Lend me some lunacy

Moon Over Buffalo

Written by Ken Ludwig
Directed by Brian Feehan
The St. Bartís Players
St. Bartís Playhouse
Park Avenue at 50th Street (Manhattan)
(212) 378-0248; www.members.aol.com/bartsweb
Non-union production (closes February 18)
Review by Judd Hollander

 

Farce requires a delicate balancing act. Do too much and you slip into melodrama; do too little and the whole thing falls flat. Fortunately, the St. Bartís Players production of Moon Over Buffalo pretty much pulls it off, with a few missteps here and there. But itís certainly much better then the 1995 Broadway version.

 

Set backstage at Buffaloís Erlanger Theater, as represented by a wonderful set (by Blair Mielnik) circa 1953, we meet George and Charlotte Hay (Robert Berger and Barbara Blomberg). Once the toast of Broadway, the couple has fallen upon hard times (and the passing of years) and is now in the middle of a repertory tour of Americaís hinterlands. Depressed because they were passed over for a film which would have put them back on top, things go from bad to worse when Charlotte learns George slept with a young woman in the company (Anne Watters) who, as a result, is pregnant with Georgeís child.

 

Furious, Charlotte decides to run off with their lawyer (Brian Haggerty) whoís been not so secretly pursuing her for years; a decision which makes the ever-repentant George go completely to pieces. Complicating matters further is the unexpected arrival of their daughter Roz (Lisa Hokans) who forsook the family business for the relatively sane world of advertising and who now wants to introduce her folks to her fiancť (Marc Strauss). Roz might still be carrying a torch for Paul (Brad Negbaur), an actor with the troupe. There's also the sudden realization that a Hollywood bigshot will be in the audience that afternoon, and the film role once thought lost is now very much a possibility.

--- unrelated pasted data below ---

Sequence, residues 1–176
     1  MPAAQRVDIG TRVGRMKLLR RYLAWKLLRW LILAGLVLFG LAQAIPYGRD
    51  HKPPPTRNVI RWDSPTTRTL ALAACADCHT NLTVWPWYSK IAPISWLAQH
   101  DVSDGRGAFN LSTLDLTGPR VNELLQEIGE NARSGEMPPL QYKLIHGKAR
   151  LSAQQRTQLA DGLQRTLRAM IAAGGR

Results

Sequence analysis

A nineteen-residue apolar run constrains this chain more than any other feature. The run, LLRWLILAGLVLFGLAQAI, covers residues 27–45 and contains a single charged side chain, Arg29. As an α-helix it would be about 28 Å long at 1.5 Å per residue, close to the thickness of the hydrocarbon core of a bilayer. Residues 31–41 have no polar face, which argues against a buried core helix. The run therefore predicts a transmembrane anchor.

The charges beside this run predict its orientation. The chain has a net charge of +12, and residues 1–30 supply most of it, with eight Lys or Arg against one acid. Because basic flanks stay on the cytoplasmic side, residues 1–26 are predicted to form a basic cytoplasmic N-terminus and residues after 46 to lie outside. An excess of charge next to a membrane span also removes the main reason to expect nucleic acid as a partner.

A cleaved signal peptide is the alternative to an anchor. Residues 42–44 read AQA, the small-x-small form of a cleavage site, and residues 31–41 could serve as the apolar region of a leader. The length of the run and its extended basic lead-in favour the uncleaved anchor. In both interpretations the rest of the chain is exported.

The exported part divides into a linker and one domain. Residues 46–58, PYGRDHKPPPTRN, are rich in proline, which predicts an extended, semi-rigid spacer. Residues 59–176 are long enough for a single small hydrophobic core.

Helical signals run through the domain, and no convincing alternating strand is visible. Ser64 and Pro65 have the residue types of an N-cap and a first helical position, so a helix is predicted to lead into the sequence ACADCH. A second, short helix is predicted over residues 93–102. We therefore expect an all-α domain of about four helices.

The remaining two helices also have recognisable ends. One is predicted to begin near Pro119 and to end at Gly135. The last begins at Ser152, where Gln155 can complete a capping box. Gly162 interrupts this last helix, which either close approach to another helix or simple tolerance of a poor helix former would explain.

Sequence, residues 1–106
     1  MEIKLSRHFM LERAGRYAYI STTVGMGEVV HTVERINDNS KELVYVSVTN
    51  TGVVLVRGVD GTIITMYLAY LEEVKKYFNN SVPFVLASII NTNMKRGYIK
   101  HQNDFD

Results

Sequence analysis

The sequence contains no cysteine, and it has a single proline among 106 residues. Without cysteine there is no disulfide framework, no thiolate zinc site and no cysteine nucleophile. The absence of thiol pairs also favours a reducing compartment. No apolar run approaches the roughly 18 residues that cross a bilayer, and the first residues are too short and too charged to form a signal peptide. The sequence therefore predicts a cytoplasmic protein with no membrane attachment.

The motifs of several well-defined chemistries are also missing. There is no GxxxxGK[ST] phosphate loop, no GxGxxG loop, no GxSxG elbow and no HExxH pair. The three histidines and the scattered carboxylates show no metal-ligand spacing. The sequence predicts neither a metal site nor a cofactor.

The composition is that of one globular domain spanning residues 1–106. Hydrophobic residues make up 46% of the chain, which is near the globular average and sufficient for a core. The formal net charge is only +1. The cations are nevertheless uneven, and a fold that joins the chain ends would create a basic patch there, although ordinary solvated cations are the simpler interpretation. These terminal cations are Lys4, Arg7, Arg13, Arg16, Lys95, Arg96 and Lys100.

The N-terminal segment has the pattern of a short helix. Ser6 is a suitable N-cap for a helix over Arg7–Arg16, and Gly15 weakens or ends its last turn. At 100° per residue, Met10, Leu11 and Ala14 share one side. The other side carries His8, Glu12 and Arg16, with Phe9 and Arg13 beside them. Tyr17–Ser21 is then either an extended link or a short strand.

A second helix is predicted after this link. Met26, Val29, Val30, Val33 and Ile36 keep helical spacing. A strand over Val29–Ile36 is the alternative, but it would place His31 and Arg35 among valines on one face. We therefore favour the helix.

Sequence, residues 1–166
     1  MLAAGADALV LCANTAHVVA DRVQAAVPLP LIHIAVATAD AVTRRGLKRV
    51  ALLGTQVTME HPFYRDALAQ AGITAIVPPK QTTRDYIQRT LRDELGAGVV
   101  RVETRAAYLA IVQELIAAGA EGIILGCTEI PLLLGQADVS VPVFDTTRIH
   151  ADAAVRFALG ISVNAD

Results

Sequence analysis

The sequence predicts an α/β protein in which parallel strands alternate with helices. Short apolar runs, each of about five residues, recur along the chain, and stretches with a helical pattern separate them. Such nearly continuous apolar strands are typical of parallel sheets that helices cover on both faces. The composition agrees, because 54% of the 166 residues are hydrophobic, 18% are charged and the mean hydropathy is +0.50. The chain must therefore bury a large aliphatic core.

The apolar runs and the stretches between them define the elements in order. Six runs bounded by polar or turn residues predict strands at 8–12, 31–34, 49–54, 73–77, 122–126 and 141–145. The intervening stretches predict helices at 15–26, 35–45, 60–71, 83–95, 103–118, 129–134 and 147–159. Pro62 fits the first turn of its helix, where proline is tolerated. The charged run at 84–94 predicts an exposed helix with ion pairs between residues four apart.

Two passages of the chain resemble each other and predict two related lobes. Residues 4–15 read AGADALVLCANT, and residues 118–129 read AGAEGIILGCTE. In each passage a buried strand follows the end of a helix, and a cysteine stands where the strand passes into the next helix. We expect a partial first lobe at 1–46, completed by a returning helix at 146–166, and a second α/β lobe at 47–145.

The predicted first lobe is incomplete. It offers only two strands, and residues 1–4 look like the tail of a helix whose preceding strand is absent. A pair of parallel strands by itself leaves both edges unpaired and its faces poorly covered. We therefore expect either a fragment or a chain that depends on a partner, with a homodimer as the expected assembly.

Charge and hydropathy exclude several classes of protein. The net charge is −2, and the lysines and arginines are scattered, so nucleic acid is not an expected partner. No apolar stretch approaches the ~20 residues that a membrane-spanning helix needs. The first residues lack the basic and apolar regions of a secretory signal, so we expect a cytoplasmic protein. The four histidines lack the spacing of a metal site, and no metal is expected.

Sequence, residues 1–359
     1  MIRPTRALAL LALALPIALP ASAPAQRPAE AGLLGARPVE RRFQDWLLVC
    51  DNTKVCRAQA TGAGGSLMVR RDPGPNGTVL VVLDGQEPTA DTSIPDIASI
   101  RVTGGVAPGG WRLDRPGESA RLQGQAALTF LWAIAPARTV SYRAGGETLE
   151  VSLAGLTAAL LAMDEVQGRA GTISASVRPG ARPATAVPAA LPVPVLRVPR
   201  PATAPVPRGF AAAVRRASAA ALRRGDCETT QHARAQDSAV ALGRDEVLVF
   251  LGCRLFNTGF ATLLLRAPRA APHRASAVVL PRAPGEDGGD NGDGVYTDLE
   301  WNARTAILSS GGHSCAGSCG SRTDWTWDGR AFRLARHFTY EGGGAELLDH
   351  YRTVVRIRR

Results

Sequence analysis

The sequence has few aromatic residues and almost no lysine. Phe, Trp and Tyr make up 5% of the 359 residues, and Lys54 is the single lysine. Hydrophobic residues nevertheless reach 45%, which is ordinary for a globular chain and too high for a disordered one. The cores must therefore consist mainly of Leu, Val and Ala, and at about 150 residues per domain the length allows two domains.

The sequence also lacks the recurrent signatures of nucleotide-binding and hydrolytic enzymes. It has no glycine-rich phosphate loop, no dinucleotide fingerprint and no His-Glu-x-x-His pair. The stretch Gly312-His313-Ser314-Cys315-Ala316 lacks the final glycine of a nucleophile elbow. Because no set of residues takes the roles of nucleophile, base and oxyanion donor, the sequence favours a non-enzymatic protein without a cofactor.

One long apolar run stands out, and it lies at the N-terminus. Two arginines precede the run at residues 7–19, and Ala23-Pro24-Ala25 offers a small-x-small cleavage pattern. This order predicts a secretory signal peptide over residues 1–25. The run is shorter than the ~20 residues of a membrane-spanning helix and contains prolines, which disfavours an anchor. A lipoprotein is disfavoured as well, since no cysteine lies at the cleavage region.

The play is filled with such devices as mistaken identity, miscommunication, sudden eruptions of passion, slamming doors, offstage crashes, innocent souls caught up in the mayhem and spots where the audience is left to imagine the worst. The problem is that Ludwigís script is rather lazy and it's up to the cast to take what's basically B-grade material and make it shine. Fortunately, theyíre up to the task.

 

This play requires a directorís firm hand and Feehanís guidance falters somewhat. Much of the first act needs to be played faster (a bit where a pair of pants keep ripping is not as nearly funny as it could be). Thereís also one scene (when Roz and Paul meet) thatís played so broadly itís as if the performers are winking at the audience about the absurdity of the situation instead of being in the moment.

 

Berger and Blomberg play off each other perfectly, though each goes a bit too far over the top at points, but theyíre able to bring the characters under control before long. Strauss is nicely dull in a thankless role, while Hokans is endlessly watchable as a levelheaded girl reduced to a screaming madwoman once she returns to the life she once forsworn. Veteran actress Jean Streit is good as Charlotteís hard-of-hearing mother, though the routine begins to wear thin rather quickly. The entire cast is dressed to vintage perfection in Kimberly Matelaís accurately stylish 1950ís costumes.

Box Score:

Writing: 1
Directing: 1
Acting: 2
Sets: 2
Costumes: 2
Lighting/Sound: 1

Copyright 2007 Judd Hollander

Return to Volume Thirteen, Number Three Index

Return to Volume Thirteen Index

Return to Home Page